Super User is a question and answer site for computer enthusiasts and power users. Join them; it only takes a minute:

Sign up
Here's how it works:
  1. Anybody can ask a question
  2. Anybody can answer
  3. The best answers are voted up and rise to the top

For example, if I have Excel installed and it appears in the start menu, when I hover my mouse on it the most recently used documents are displayed on the right.

They also appear when I right click the icon of an open application in the taskbar.

Where is this list of documents stored for all the applications? How can I clear it for a particular application?

share|improve this question
up vote 3 down vote accepted

Answer in this thread, I don't understand the second step "PInvoke", maybe someone could explain.

http://stackoverflow.com/questions/4678445/clean-windows-7-start-menu-mru-list

Now this is the solution for my question:

I Cleaned the values under the Registry Keys HKEY_CURRENT_USER\Software\Microsoft\Windows\CurrentVersion\Explorer\UserAssist{CEBFF5CD-ACE2-4F4F-9178-9926F41749EA}\Count and HKEY_CURRENT_USER\Software\Microsoft\Windows\CurrentVersion\Explorer\UserAssist{F4E57C4B-2036-45F0-A9AB-443BCFE33D9F}\Count

Then I executed the following PInvoke to refresh the cache of the Explorer.exe:

C#:

using System.Runtime.InteropServices;
[DllImport("shell32.dll")]
static extern void SHChangeNotify(int wEventId, int uFlags, IntPtr dwItem1, IntPtr wItem2);
private const int SHCNE_ASSOCCHANGED = 0x08000000;
private const int SHCNF_IDLIST = 0x0000;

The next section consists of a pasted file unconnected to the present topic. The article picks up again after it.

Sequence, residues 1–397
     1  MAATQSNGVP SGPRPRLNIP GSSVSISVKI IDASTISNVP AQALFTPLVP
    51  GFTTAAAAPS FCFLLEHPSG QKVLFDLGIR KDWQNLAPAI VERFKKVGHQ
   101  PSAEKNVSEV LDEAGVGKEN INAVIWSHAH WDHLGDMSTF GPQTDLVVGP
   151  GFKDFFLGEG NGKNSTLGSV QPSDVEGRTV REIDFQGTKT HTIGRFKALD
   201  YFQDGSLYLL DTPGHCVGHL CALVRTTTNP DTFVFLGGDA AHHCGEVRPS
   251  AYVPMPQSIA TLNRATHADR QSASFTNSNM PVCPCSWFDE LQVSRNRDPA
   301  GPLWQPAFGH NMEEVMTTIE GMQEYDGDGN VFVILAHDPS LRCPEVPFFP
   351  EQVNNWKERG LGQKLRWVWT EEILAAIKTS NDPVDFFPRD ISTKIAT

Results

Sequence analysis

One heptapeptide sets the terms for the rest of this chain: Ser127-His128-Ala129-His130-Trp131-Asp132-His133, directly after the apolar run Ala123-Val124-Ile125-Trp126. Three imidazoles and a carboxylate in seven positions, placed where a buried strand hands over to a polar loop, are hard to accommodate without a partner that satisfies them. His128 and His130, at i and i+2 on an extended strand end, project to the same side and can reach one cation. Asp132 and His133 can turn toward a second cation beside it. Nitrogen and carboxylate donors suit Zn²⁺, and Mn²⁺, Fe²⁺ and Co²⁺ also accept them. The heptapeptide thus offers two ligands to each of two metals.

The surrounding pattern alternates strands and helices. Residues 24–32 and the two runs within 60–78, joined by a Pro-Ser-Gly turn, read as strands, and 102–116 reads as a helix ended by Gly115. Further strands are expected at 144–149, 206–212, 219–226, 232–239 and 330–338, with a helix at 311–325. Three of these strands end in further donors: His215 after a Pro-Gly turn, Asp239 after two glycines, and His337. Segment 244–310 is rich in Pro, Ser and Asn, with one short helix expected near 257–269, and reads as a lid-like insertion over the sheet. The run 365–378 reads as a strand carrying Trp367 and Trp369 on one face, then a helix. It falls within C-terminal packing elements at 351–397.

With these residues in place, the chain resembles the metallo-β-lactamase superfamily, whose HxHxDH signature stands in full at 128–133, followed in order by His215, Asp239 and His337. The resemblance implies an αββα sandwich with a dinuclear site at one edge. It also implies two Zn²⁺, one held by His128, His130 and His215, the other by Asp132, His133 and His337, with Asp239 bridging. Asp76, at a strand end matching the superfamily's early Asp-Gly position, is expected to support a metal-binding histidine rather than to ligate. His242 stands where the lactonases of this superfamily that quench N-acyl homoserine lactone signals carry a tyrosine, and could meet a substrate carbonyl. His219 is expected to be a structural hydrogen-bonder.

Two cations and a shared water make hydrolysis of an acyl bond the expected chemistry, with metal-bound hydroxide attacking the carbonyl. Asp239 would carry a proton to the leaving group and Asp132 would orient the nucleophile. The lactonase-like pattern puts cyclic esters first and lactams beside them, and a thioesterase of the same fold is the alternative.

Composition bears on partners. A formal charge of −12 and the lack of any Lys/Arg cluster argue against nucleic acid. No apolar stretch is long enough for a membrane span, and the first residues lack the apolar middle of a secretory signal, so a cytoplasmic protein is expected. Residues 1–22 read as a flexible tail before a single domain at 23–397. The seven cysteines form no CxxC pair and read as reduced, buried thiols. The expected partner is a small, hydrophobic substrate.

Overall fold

private void ClearCache() {
    SHChangeNotify(SHCNE_ASSOCCHANGED, SHCNF_IDLIST, IntPtr.Zero, IntPtr.Zero);
}
share|improve this answer
1  
Thanks! Looks like they have encrypted everything there in rot13 format. That's why I couldn't find the when I searched the registry! (I guess PInvoke is just an Windows API call to ask Windows to re-read the values from registry after you've tinkered with them.) – KalEl Jan 28 '11 at 4:12
    
How do you execute Pinvoke? – Moab Jan 28 '11 at 5:29
    
@KalEl: The API call is SHChangeNotify(). P/Invoke is not directly related to Windows API. Also known as Platform Invocation Services, it's just a method of calling native code (often DLL functions, including Windows API) from "managed" (.NET Runtime) code. C# is a .NET language. – grawity Jan 28 '11 at 6:37
    
use sliver.com/dotnet/snippetcompiler to do the P/Invoke. Put the "using System.Runetime.InteropServices" at the top of the code file, and the rest into the "main() {}", between the curly brackets. Then start the thing (somewhere theres a button). It should open up a commandline Window which disappears shortly after. – sinni800 Jan 28 '11 at 7:54
    
I'll do it for you non-programmers. Download this: dl.dropbox.com/u/16862782/ClearCache.cs and the SnippetCompiler (one post up) and open the .CS file in SnipperCompiler. Then hit the green "start" arrow in the toolbar. When the black window appears, just hit a button, the command has been executed. (What I said in my previous comment was garbage, it does NOT go into Main(). It goes into the class definition) – sinni800 Jan 28 '11 at 8:01

You must log in to answer this question.

Not the answer you're looking for? Browse other questions tagged .